The concept of decision support has evolved mainly from the theoretical studies of organizational decision making done at the Carnegie Institute of Technology during the late 1950s and early 1960s, and the implementation work done in the 1960s.[3] DSS became an area of research of its own in the middle of the 1970s, before gaining in intensity during the 1980s.

In the middle and late 1980s, executive information systems (EIS), group decision support systems (GDSS), and organizational decision support systems (ODSS) evolved from the single user and model-oriented DSS. According to Sol (1987),[4] the definition and scope of DSS have been migrating over the years: in the 1970s DSS was described as "a computer-based system to aid decision making"; in the late 1970s the DSS movement started focusing on "interactive computer-based systems which help decision-makers utilize data bases and models to solve ill-structured problems"; in the 1980s DSS should provide systems "using suitable and available technology to improve effectiveness of managerial and professional activities", and towards the end of 1980s DSS faced a new challenge towards the design of intelligent workstations.[4]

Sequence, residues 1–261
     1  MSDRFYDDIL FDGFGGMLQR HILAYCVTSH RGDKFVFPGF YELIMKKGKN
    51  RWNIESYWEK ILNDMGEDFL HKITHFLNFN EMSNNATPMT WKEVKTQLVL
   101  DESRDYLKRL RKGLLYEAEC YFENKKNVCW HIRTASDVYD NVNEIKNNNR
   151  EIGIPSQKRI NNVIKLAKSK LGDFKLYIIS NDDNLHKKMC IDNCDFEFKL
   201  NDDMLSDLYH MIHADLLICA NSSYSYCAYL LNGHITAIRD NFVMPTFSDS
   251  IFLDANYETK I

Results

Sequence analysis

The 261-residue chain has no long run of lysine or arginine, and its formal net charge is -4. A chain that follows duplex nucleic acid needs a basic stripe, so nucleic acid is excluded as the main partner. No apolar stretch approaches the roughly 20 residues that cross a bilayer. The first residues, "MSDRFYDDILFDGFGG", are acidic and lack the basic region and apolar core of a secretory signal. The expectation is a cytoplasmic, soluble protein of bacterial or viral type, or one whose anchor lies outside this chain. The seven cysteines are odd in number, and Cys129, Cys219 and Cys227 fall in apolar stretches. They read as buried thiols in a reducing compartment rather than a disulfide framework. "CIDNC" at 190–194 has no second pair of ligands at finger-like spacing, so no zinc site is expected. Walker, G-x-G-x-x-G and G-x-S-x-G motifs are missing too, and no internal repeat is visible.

In 1987, Texas Instruments completed development of the Gate Assignment Display System (GADS) for United Airlines. This decision support system is credited with significantly reducing travel delays by aiding the management of ground operations at various airports, beginning with O'Hare International Airport in Chicago and Stapleton Airport in Denver, Colorado.[5] Beginning in about 1990, data warehousing and on-line analytical processing (OLAP) began broadening the realm of DSS. As the turn of the millennium approached, new Web-based analytical applications were introduced.

DSS also have a weak connection to the user interface paradigm of hypertext. Both the University of Vermont PROMIS system (for medical decision making) and the Carnegie Mellon ZOG/KMS system (for military and business decision making) were decision support systems which also were major breakthroughs in user interface research. Furthermore, although hypertext researchers have generally been concerned with information overload, certain researchers, notably Douglas Engelbart, have been focused on decision makers in particular.